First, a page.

While many cycle advocates are understandably keen to stress the positives of cycling rather than the perceived dangers, recent events in London have led to calls for the government and local councils to take urgent action to protect cyclists.
Five cyclists have died in just nine days in the capital, bringing the yearly total of cyclists killed in London up to 13, eight of which in collisions with lorries.
London Cycling Campaign held a protest at Bow this week – and were joined by 1,000 Londoners – saying cycling deaths in the city are unacceptable and junctions like Bow roundabout must be redesigned with safe space for cycling.
The tragic news has led CTC to call for major changes to be made to lorries and driver training to stop more unnecessary deaths.
The Government is due to publish a green paper on the training and testing of drivers by the end of the year and CTC wants cycle training for new drivers to be integral to this paper. CTC especially wants drivers of large vehicles (lorries, buses and coaches) to be required to complete cycle training before obtaining their commercial licences.
CTC policy director Roger Geffen said: “We will investigate further options for reducing the number of large vehicles in urban centres at busy periods. Options that the organisation has considered in the past include banning lorries from city centres at peak periods and locating distribution centres on the outskirts of cities.”
The charity said all lorries should be designed with cycle safety in mind - blind spots should be eradicated; cabs should be lowered to give drivers a better view of the road; and the sides of cabs should be made transparent. Lorries are involved in far more cyclists’ deaths than buses because the position of the driver high up in the cab considerably reduces visibility of the road, whereas bus drivers have greater vision through transparent doors and because of the lower position of the driver’s seat.
CTC chief exec Gordon Seabright said: "CTC and all cyclists are sickened by the continuing failure to protect cyclists, in particular from the dangers caused by lorries in our towns and cities. We want to see The Mayor of London and all those responsible for the safety of our streets living up to their promises.”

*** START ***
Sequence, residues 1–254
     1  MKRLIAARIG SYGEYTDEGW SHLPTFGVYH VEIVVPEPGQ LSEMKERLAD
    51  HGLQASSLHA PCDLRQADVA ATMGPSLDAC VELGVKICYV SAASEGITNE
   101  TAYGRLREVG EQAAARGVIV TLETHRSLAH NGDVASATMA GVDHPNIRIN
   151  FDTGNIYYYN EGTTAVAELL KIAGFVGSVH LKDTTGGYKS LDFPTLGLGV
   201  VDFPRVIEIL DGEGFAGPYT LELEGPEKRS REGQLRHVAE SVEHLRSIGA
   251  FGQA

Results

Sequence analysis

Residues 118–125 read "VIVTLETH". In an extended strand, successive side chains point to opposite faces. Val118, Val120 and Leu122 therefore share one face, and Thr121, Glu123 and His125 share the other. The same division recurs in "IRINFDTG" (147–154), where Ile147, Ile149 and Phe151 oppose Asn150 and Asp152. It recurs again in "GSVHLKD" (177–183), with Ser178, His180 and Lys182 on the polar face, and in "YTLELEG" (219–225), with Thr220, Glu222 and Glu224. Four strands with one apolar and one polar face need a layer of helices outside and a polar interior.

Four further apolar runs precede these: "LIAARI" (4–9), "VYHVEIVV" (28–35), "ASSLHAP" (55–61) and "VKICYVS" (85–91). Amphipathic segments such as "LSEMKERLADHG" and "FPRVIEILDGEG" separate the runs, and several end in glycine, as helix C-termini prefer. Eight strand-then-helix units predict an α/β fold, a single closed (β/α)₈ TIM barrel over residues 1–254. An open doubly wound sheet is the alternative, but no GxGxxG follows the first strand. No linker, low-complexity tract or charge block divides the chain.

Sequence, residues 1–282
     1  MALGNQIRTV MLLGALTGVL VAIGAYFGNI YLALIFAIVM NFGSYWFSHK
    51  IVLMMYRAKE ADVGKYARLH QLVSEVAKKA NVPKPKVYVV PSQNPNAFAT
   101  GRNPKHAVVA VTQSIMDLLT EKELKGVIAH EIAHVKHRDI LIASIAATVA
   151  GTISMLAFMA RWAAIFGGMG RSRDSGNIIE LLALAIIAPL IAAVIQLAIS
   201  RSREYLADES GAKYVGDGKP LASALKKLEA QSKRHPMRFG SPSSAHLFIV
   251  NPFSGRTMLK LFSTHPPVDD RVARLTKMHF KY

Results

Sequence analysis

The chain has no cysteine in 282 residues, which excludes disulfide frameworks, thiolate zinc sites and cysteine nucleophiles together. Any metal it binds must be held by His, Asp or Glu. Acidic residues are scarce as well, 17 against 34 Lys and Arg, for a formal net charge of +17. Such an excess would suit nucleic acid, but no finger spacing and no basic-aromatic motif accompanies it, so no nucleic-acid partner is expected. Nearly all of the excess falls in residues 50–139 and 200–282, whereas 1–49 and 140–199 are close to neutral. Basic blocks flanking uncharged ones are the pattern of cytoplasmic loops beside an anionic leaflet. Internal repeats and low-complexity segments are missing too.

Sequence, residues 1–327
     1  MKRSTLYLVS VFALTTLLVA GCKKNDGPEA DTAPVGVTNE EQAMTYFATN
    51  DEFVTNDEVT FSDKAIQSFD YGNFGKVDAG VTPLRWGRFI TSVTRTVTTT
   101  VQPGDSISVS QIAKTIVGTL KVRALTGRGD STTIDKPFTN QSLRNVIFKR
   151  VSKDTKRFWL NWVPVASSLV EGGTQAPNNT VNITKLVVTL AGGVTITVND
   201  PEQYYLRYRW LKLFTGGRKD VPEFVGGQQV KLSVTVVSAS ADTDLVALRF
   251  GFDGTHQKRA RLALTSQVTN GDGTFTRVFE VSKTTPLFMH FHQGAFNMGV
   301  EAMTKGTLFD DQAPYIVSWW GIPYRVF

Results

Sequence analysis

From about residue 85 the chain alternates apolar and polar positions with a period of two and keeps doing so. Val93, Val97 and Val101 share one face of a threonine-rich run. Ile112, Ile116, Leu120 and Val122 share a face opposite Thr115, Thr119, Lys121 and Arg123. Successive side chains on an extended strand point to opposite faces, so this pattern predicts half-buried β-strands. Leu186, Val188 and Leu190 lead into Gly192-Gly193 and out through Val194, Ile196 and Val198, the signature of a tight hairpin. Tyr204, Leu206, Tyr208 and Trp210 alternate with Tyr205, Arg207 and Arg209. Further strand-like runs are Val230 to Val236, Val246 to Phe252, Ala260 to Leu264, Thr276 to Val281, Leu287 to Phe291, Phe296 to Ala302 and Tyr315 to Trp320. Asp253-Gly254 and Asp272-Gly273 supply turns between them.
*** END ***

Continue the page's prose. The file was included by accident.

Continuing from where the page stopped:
British Cycling has responded to the news with a call for urgent action for the government and councils to 'design roads that address cyclist needs'.
British Cycling's campaigns manager Martin Key said: "While cyclist deaths are rare, it is clearer than ever that national government and councils must take urgent action on designing roads that address cyclists' needs. The fact that five cyclists have been killed in London in the last nine days is shocking news and an urgent investigation needs to take place into what could have been done to prevent these deaths.
"Clearly, cycling is becoming a more and more popular way to get around and local authorities need to respond to that by prioritising it as a legitimate form of transport, including urgently tackling the most dangerous roads and junctions and banning HGVs that aren't fitted with the latest safety features.
"We have to do a better job of looking after each other on the roads. That includes significant investment in a nationwide cyclist awareness campaign rather than a few posters in a handful of cities. This is about changing the culture of how people get around, making cycling a more attractive and safer option for millions of people across Britain."
British Cycling also went into depth about the dangers of HGV, calling on the government to take urgent action to remove dangerous HGVs from our roads.
Key said: “We need to see immediate changes to the law so that from now on heavy goods vehicles are designed so that drivers have much better direct line of sight. We are also calling for vehicles over 3.5 tonnes to be fitted with appropriate mirrors before being deemed roadworthy, with absolutely no exceptions. Britain can learn lessons from Paris and Dublin too – where lorries are banned from city centre roads during peak commuting hours.”
HGVs currently account for approximately 20 per cent of all cycling casualties with this figure rising to a staggering 50 per cent in London. This is despite the fact that lorries account for just five per cent of traffic on the roads.
Key added: “Despite the tragic events this week, cycling remains a safe activity. However, we know that for many people safety concerns are their main barrier to getting on a bike. This will remain until we have roads and junctions that suit the needs of cyclists rather than prioritising motorised vehicles. We’d urge local authorities throughout England to look at the most dangerous streets and junctions and redesign them to accommodate people on bikes.”